In the process of escaping the mob, Tony ends up in bed, having sex with Artie's ex-wife, Charmaine, who he maintains a nostalgic attraction to -- they were involved when they were teenagers -- and generally sees as a possible Carmella substitute. Suddenly, Tony is sitting on a horse (Pie-oh-my?) the living room of his house telling Carmella he wants to get back together. She tells him there are some rules he will have to follow, including don't bring you horse (whores?) in the house. Tony protests weakly. Message: The refuge of your wife and home life is gone too, and it's your own fault for thinking with the little head. There's no escape for you there either.

Lastly we get the most riveting scene, where Tony confronts his former football coach. The coach has no fear of or respect for Tony. He looks at the gun Tony is holding and calls it "a bigger dingus that the one God gave you." He alludes that Tony could have been a great leader but has wasted his life and is a pathetic failure. He sneers at the idea of Tony in therapy. He tells Tony to get on with what he was going to do -- which is kill his coach. The coach, of course, is Tony's conscience and he's going to have to kill his conscience if he is ever going to be able to whack Tony B. As he takes aim at the coach, the bullets slip out of the gun to the floor and crumble in his fingers as he tries to pick them up.

There's a lot more to the dream than I mentioned, I'm sure even having see it twice I missed a lot. And it's certain that there could be varying interpretations, but any reasonable interpretation would have to acknowledge that dream sequence wonderfully intertwines every aspect of Tony's state of mind with the pre-existing situation with Tony B. Tony loves his family and friends, but he cannot separate them from his mob life. They suffer because of it and Tony, although he consistently rationalizes it away, is beginning to see how the horrible things he does affect them so tragically. The whacking of Tony B. (if it comes) will be the most blatant evidence of this; it's possible Tony sees it as an act from which he can never recover -- the final death of his conscience. He searches his past for a reason things turned out like this, makes plenty of excuses, but always carries the fugitive notion that it's finally his own doing.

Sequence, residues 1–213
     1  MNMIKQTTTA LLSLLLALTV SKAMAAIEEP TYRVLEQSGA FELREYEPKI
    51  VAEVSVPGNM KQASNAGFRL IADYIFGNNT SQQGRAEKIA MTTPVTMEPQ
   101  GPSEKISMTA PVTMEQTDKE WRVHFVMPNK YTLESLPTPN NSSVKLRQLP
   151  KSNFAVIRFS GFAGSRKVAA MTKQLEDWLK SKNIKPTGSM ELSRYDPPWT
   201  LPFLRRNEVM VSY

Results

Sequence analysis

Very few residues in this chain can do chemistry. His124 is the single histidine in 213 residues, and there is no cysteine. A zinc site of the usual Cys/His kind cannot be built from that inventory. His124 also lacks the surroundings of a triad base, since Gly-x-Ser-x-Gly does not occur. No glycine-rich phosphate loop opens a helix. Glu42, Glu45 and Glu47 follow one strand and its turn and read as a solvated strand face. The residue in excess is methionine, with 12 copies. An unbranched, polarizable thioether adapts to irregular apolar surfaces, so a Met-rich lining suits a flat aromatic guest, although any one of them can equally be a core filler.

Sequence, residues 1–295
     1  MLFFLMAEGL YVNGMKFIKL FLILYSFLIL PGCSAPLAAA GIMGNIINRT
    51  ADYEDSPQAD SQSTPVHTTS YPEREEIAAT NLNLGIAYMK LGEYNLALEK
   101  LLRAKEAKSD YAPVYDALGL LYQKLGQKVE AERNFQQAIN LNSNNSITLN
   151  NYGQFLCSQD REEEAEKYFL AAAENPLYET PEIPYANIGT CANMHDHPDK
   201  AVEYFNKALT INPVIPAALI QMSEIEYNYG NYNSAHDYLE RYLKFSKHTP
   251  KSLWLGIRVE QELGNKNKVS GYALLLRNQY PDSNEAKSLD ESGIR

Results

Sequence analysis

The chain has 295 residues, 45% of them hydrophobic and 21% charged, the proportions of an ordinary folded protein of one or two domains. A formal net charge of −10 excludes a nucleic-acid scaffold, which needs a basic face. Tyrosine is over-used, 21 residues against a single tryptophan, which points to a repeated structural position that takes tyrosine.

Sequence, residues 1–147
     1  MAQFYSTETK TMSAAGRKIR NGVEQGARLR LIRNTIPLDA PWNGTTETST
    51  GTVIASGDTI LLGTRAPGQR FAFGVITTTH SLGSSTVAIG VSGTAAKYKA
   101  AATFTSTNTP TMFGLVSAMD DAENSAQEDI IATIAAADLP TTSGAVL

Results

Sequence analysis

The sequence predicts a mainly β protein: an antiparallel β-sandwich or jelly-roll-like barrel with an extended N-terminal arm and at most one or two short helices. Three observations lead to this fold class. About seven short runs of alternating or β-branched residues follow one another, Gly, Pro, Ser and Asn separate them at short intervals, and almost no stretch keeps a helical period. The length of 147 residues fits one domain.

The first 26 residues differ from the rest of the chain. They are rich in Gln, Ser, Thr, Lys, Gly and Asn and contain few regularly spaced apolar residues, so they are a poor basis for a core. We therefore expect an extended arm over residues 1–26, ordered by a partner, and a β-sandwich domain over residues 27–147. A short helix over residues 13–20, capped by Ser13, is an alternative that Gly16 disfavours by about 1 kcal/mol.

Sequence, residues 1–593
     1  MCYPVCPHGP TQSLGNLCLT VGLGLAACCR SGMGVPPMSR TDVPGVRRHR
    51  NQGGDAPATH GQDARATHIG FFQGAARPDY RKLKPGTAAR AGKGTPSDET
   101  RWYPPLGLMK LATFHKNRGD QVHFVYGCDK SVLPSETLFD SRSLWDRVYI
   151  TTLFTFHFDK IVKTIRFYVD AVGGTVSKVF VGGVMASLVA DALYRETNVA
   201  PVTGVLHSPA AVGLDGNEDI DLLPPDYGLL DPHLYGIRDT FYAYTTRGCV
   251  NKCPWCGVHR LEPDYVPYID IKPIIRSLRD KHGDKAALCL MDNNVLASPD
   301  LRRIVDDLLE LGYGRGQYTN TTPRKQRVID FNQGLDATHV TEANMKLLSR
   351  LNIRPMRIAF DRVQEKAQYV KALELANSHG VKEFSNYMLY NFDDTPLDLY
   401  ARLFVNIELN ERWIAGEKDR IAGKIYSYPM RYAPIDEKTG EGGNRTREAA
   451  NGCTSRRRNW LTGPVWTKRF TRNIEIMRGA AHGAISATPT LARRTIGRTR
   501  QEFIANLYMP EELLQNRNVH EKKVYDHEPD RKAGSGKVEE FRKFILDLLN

In drama, or any form of fiction, the most important thing is to dramatize (no surprise there). That is to say, you should never directly explain your character's feelings and motivations. Such things should be revealed indirectly through action whenever possible. The effect of this is to draw the audience in as a participant -- an idea that has been discovered by the consumer is much more powerful than one that has been explained to him. Using a dream sequence takes that to an extreme; it puts a larger burden on the audience to make the important conceptual connections between the dream and the "real world". With a sequence as complex as this one, it may take multiple viewings (reruns and TIVO to the rescue). It's a big risk. The writers have to be good enough to choose the right words and symbols to convey the underlying message without the framework of "reality"; everything has to be within the framework of the dreamer's mind. The audience has to be knowledgeable of the character's pre-existing conflicts and thoughtful and diligent enough to close the communication loop.

That's a lot to ask of an audience. I certainly don't make a habit of parking myself in front of the TV with the intent of being thoughtful and diligent. But if I do put the effort in I expect to be rewarded. I was. And I applaud HBO for taking the big risk when every other network would have just asked for car chase or a gory murder.